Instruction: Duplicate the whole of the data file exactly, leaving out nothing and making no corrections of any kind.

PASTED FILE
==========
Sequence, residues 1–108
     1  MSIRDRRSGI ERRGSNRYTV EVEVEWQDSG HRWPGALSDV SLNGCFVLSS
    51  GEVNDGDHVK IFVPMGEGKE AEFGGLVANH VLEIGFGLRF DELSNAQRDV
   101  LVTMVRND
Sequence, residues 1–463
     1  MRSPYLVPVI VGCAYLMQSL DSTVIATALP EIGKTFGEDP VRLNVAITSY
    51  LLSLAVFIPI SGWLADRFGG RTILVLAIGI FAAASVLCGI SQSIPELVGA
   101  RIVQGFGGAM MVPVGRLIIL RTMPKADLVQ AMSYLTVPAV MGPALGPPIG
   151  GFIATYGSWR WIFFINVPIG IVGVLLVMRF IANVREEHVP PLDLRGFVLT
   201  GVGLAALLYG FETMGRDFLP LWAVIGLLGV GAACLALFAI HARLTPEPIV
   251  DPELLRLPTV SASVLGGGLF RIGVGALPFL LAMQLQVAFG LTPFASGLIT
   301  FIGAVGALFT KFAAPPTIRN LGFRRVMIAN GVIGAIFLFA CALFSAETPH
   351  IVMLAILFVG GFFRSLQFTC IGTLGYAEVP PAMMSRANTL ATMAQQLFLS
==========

Sequence, residues 1–108
     1  MSIRDRRSGI ERRGSNRYTV EVEVEWQDSG HRWPGALSDV SLNGCFVLSS
    51  GEVNDGDHVK IFVPMGEGKE AEFGGLVANH VLEIGFGLRF DELSNAQRDV
   101  LVTMVRND
Sequence, residues 1–463
     1  MRSPYLVPVI VGCAYLMQSL DSTVIATALP EIGKTFGEDP VRLNVAITSY
    51  LLSLAVFIPI SGWLADRFGG RTILVLAIGI FAAASVLCGI SQSIPELVGA
   101  RIVQGFGGAM MVPVGRLIIL RTMPKADLVQ AMSYLTVPAV MGPALGPPIG
   151  GFIATYGSWR WIFFINVPIG IVGVLLVMRF IANVREEHVP PLDLRGFVLT
   201  GVGLAALLYG FETMGRDFLP LWAVIGLLGV GAACLALFAI HARLTPEPIV
   251  DPELLRLPTV SASVLGGGLF RIGVGALPFL LAMQLQVAFG LTPFASGLIT
   301  FIGAVGALFT KFAAPPTIRN LGFRRVMIAN GVIGAIFLFA CALFSAETPH
   351  IVMLAILFVG GFFRSLQFTC IGTLGYAEVP PAMMSRANTL ATMAQQLFLS